Whole foods are full of gut-friendly fiber. Not eating enough fiber increases the risk of heart disease, cancer, diabetes, and obesity. Fiber plays lots of roles in our gut, including whisking away some of those pesky bad bacteria and toxins so they can be eliminated. Fiber also helps to feed our friendly resident microbes that help us absorb and digest our food better. What foods have a lot of fiber? Fruits, vegetables, nuts, seeds, and even cacao.

 

And don’t forget the uber-important lifestyle factors like getting enough sleep, stressing less, and getting the right amount (and intensity) of exercise for you. It’s easy to forget some of the simple, but key links there are between what we do with our bodies and how well they function.

 

Conclusion

 

The function of your gut is key to your overall health. There are two pillars of gut health: maintaining a good barrier and maintaining healthy gut microbes.

 

The main ways to improve both of these naturally is by eating nutrient-dense whole foods. Foods filled with nutrition, probiotics, and fiber. And eliminating common gut irritants like added sugar, processed foods, and alcohol.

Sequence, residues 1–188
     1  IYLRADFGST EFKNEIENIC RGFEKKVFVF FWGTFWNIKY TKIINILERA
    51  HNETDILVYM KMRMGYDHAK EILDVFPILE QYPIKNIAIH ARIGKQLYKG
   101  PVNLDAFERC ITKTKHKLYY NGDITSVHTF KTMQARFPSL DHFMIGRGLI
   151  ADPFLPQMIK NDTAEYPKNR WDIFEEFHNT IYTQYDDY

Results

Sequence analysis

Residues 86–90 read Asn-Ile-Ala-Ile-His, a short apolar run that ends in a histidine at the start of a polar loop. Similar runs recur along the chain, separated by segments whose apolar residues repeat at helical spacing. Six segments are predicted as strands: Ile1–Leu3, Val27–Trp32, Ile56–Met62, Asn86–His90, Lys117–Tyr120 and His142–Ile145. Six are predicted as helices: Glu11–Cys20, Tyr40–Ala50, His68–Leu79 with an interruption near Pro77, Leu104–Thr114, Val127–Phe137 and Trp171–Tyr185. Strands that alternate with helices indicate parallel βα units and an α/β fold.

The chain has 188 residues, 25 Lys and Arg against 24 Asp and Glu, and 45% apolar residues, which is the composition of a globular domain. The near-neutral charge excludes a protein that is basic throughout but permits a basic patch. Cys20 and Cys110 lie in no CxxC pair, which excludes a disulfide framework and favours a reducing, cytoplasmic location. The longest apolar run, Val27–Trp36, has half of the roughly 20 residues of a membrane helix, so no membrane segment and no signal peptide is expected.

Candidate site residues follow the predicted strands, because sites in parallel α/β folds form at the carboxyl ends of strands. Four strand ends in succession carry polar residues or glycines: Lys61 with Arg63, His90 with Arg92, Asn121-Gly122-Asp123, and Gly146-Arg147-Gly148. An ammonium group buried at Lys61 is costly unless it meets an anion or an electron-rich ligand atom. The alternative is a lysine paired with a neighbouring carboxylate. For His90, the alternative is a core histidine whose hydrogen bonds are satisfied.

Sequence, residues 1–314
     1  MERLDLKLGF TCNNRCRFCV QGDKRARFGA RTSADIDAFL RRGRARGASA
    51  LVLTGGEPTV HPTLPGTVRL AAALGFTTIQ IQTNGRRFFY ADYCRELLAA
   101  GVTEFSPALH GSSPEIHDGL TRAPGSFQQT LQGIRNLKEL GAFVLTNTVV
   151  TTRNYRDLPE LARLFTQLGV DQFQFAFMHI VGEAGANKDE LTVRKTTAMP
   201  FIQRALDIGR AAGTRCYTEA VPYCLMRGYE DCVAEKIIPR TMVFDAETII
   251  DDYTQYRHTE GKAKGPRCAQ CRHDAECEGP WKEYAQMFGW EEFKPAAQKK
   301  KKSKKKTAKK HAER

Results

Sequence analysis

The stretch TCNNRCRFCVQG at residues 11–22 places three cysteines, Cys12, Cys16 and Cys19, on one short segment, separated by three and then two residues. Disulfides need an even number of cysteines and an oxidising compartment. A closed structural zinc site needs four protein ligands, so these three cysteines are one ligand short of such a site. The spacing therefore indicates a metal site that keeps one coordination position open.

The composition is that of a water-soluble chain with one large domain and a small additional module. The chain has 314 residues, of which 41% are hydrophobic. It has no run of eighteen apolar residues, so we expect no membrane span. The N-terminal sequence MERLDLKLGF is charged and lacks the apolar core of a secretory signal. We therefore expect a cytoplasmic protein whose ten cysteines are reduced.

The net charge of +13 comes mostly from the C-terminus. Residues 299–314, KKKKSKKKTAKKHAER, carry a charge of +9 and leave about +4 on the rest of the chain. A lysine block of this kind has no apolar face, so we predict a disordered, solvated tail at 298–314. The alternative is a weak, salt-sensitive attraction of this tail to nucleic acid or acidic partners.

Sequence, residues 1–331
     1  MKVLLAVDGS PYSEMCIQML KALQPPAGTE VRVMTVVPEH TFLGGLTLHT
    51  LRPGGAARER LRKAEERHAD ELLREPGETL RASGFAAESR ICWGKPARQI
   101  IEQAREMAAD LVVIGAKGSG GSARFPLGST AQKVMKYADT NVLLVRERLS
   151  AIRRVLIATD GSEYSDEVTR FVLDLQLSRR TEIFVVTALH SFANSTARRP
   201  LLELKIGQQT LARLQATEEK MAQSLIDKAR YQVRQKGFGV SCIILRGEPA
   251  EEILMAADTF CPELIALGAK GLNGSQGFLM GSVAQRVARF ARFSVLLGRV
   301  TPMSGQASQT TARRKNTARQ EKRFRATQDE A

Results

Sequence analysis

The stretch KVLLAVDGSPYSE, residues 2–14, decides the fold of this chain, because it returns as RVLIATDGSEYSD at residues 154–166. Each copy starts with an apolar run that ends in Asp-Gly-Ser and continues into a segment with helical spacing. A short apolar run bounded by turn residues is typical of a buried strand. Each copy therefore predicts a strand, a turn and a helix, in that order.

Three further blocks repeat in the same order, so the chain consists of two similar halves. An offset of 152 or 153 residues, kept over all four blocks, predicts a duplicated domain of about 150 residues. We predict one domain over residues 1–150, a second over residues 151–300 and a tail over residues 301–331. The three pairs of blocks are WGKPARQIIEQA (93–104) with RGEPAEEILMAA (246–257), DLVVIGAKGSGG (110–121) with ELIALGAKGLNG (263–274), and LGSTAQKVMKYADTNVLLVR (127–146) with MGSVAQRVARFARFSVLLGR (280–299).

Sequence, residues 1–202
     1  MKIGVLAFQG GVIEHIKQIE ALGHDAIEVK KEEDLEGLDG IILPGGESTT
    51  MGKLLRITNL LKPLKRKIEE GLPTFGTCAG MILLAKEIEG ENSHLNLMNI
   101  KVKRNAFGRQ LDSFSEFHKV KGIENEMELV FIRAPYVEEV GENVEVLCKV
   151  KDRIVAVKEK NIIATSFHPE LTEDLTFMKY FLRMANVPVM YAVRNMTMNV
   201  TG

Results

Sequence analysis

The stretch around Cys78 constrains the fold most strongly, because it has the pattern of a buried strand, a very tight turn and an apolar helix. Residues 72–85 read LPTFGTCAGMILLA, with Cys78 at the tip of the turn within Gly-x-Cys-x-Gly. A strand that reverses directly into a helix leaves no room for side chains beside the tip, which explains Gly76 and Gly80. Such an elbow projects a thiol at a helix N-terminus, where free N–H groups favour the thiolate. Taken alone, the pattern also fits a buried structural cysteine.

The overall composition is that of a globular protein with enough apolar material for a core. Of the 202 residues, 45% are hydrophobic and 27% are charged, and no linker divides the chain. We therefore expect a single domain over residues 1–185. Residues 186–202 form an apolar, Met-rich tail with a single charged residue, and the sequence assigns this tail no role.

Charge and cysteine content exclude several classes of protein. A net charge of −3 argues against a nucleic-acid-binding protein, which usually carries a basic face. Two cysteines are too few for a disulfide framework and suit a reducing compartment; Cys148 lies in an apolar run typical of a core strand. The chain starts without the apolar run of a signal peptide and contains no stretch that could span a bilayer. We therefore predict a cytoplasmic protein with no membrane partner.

Recipe (Probiotic-rich): Fermented Carrots

 

Serves 12

 

1 L warm water
4 tsp salt
4 carrots, medium, peeled, sliced

1 clove garlic, smashed (optional)

 

Instructions

 

Make a brine by dissolving the salt in water.

 

Place carrots into a clean canning jar, packing them in tight. Make sure to leave about 1 inch of head space at the top.

Fill the jar with brine, making sure to cover the carrots completely. Weigh the carrots down to make sure they don’t float (you can use a “fermenting weight”).

 

Close the jar and let it sit at room temperature for 1-4 days. The longer it sits, the more the flavor will develop. Feel free to open and taste.

 

Serve & enjoy!

 

Tip: Use this as a side dish, or even a snack.

 

References: